After the death of her friend, Wollstonecraft makes a fundamental decision: to become a writer. Her first texts are a small reflection on the problems of women in the education and work system. When she wanted to look for a job, she realized that her options were reduced to two choices. Be a governess or caregiver. In addition, the education that women received at that time was very different from that of men. Therefore, it turned out to be extremely limited.

Mary wollstonecraft

 

Subsequently, she began to work as a housekeeper, proving to be quite atypical in the education she gave to children. As a result of this experience, she wrote Thoughts on the Education of Daughters (1787) and Original Stories from Real Lif e (1778), her only work of children’s literature. His first work followed a fairly common style at the time. However,  it is true that he did advance some of the thinking about single women, especially their economic limitations.

She later got a job at the publishing house run by Joseph Johnson. She worked there as a translator and published A Vindication of the Rights of Man (1790). This text was in fact a response to Burke’s Reflections on the French Revolution (1790). Wollstonecraft attacked hereditary rights and the aristocracy enormously, defending the republic. But this controversial text was only the first stone of the work that was to follow.

The first feminism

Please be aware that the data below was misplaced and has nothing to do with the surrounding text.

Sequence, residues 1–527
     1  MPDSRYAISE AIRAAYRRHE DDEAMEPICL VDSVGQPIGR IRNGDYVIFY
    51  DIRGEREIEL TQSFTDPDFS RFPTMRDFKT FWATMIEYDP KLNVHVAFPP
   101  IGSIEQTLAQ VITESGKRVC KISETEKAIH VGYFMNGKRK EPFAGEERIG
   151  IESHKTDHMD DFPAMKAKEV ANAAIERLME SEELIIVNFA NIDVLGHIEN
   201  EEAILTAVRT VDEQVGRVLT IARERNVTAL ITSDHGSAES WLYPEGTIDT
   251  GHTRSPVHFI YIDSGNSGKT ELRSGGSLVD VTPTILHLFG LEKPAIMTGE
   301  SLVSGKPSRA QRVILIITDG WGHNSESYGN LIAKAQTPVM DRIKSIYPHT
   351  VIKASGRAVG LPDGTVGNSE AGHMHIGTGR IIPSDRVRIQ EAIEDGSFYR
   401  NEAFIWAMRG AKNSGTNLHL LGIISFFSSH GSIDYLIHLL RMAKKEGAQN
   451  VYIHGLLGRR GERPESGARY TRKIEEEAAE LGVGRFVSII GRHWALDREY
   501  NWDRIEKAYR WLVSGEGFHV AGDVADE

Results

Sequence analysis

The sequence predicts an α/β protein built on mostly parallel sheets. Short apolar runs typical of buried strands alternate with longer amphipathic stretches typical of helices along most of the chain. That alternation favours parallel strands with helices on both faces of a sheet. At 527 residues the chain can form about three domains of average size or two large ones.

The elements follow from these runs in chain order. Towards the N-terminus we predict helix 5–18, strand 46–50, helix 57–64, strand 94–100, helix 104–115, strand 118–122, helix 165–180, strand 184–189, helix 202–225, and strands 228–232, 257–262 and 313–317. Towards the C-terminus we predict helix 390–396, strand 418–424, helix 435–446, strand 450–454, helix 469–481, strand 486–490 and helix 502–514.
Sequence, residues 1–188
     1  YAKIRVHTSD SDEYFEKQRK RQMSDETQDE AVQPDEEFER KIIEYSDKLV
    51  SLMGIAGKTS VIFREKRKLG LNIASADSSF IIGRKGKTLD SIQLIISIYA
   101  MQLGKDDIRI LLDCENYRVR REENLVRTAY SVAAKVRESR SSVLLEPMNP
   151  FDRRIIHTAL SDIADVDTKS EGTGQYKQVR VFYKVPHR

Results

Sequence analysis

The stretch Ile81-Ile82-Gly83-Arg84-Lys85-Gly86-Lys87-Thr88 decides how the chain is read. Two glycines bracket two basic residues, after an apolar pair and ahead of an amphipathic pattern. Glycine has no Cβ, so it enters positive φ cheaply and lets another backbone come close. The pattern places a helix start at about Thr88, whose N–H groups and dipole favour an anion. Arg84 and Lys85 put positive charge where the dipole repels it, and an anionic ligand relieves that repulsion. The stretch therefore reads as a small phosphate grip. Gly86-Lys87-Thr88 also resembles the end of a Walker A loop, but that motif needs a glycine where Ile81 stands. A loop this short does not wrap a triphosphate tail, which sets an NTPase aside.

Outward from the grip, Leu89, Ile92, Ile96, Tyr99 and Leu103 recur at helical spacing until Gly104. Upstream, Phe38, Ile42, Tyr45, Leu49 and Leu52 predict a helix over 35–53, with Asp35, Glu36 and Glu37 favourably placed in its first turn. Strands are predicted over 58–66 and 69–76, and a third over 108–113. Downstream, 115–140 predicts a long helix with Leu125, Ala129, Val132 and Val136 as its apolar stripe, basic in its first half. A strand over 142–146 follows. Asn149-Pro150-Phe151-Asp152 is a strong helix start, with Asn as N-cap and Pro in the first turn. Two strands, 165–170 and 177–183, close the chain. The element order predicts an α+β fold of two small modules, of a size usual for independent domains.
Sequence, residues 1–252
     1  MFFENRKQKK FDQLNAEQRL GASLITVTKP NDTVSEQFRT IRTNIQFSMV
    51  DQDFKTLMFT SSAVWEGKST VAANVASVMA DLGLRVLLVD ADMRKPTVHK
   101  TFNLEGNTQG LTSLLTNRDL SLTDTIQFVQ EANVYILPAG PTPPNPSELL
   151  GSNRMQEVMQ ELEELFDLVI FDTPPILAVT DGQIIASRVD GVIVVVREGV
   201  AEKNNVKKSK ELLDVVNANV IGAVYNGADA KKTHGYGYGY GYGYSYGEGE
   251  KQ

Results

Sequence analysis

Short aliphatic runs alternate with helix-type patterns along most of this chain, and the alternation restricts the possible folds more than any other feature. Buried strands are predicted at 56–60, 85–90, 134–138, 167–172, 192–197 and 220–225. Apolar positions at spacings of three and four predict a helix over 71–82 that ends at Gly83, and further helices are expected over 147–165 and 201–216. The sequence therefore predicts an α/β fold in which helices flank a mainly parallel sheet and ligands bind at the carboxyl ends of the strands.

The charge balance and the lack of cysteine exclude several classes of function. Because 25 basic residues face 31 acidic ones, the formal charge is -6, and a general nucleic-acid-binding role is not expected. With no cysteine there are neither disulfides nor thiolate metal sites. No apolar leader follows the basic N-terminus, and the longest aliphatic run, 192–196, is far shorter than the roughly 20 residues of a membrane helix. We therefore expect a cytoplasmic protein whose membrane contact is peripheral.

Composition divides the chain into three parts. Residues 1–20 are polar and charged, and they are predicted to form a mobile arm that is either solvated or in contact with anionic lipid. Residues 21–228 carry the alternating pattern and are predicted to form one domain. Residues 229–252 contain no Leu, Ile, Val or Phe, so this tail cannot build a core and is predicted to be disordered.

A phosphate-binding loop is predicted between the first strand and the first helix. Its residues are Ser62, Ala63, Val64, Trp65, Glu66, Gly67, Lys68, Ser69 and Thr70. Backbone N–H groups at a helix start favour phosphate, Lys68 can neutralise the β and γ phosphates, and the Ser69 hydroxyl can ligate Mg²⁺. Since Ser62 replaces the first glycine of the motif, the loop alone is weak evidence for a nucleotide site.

Mary Wollstonecraft arrived in Paris in 1792, in a chaotic capital, where Louis XVI was to be guillotined. C ‘is when Wollstonecraft is beginning to destabilize the one hand, she wrote A Vindication of the Rights of Women (1972) ; on the other, she falls madly in love with Gilbert Imlay, with whom she has a daughter. The relationship with Imlay was a failure and Wollstonecraft wrote desperate letters due to the depression she was plunged into.

It was the 18th century, a time of revolution, and Wollstonecraft was alone with her daughter. Back in the UK, she attempted suicide. Paradoxically, this vindictive woman who defended her rights and her independence was in a deep state of depression because of her sentimental failure. Talking about feminism in Wollstonecraft is somewhat contradictory, as the term was subsequently consolidated.

However, when we read A Vindication of the Rights of Women , we realize that the first steps in this struggle are here. What exactly did Mary criticize? Mary saw a problem in the rosewater novel associated with women’s lives. Indeed, women somehow justified this dependence on men and prevented themselves, but also other women, from thinking. She advocated rational education. The goal for her was to educate girls from an early age and give them the same opportunities as men.